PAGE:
Barcelona, Juventus, and Real Madrid will not face further punishment from UEFA for their role in forming the now failed European Super League, the European football governing body has announced while revealing that
the six premier league clubs involved in plotting the scheme will also not pay fines.
Barcelona, Juventus, and Real Madrid are the only founding members of the breakaway competition that have
so far refused to abandon the project.
UEFA threatened the clubs with legal action and planned to suspend them from this year’s Champions League,
but it was announced in May that legal proceedings would be delayed after a Madrid court accused
the governing body of acting “outside the rule of law”.
The UEFA Appeals Body has now announced that the case against the three clubs will be dropped.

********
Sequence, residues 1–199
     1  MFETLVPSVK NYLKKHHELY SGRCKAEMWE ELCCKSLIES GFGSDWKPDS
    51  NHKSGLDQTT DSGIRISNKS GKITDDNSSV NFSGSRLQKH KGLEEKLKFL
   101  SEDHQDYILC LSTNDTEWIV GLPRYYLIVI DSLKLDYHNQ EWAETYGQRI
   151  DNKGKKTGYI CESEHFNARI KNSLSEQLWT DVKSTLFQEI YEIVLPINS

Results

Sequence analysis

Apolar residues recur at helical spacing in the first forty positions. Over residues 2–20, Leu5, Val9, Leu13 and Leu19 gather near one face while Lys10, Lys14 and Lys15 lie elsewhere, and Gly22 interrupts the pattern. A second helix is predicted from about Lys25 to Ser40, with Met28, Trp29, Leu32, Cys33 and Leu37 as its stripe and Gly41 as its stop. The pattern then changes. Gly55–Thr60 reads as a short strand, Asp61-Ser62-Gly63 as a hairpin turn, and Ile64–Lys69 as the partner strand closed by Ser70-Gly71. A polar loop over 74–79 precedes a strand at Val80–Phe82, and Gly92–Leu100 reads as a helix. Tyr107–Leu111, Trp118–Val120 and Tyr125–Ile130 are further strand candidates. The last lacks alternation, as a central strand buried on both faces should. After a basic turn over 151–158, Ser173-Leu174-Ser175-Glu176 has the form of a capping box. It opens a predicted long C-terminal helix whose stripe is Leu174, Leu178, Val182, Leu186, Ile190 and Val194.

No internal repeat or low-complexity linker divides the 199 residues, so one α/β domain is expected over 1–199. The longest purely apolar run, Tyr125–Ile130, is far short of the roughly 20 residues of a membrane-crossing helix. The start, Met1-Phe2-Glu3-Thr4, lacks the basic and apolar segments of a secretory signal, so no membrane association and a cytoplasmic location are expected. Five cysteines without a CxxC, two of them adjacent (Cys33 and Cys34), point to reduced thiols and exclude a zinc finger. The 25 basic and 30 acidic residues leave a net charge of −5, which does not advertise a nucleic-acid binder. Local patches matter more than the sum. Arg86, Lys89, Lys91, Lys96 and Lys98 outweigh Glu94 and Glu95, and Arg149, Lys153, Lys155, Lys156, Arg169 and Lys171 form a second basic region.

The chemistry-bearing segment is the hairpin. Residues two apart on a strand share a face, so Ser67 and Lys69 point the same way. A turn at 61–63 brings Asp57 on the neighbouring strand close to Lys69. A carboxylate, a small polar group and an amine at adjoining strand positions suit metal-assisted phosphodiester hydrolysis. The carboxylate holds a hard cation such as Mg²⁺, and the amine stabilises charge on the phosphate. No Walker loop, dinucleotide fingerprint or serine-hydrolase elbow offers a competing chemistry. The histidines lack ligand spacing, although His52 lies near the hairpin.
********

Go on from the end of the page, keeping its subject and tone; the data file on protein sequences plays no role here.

A statement from the governing body of UEFA read:
“Following the stay of proceedings against FC Barcelona, Juventus FC, and Real Madrid CF, in the matter related
to a potential violation of UEFA’s legal framework in connection with the so-called ‘Super League’,
the UEFA Appeals Body has declared today the proceedings null and void as if the proceedings
had never been opened.”
The European Super league was a controversial plot to form a new competition that would challenge
the Champions League for supremacy in European football. It was announced in April.
Nine other clubs which include Arsenal, Chelsea, Liverpool, Manchester City, Manchester United, Tottenham,
Atletico Madrid, AC Milan, and Inter announced that they would also join the Super League as founding members.
But the plan quickly fell apart amid protests from fans as UEFA and the national football associations across
Europe spoke out against the idea.
The Premier League teams, Atletico, Milan, and Inter all announced they would be pulling out of the plan within
days of the initial announcement. The clubs that pulled out agreed to pay a total of £22 million ($31m)
to UEFA but now the governing body has also canceled the fines.
By Taiyelolu A